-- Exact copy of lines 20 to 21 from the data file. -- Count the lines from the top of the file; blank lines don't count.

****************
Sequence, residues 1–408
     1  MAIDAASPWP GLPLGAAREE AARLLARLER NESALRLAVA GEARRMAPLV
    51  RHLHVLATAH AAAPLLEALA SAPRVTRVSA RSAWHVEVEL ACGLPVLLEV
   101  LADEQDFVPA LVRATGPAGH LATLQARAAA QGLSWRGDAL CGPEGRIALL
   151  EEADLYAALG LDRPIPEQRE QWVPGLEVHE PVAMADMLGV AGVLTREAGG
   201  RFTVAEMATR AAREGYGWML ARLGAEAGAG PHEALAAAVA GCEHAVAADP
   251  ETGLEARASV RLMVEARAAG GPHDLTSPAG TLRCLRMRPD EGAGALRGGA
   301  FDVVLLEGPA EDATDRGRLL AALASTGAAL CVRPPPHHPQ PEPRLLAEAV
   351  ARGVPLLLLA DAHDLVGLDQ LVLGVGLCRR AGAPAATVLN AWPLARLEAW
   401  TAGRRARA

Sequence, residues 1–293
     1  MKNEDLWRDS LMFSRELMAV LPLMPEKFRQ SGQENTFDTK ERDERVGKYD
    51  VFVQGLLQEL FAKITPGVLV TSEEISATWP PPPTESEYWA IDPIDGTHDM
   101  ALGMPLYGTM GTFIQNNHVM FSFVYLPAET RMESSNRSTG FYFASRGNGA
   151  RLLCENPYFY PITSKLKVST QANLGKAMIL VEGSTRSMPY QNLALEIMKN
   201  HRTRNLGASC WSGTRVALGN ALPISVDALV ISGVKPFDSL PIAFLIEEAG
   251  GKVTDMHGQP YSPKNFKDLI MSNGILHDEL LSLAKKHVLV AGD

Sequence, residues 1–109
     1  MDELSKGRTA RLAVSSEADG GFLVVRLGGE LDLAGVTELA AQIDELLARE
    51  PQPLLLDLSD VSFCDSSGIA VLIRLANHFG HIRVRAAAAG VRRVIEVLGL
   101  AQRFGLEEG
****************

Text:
    51  PQPLLLDLSD VSFCDSSGIA VLIRLANHFG HIRVRAAAAG VRRVIEVLGL
   101  AQRFGLEEG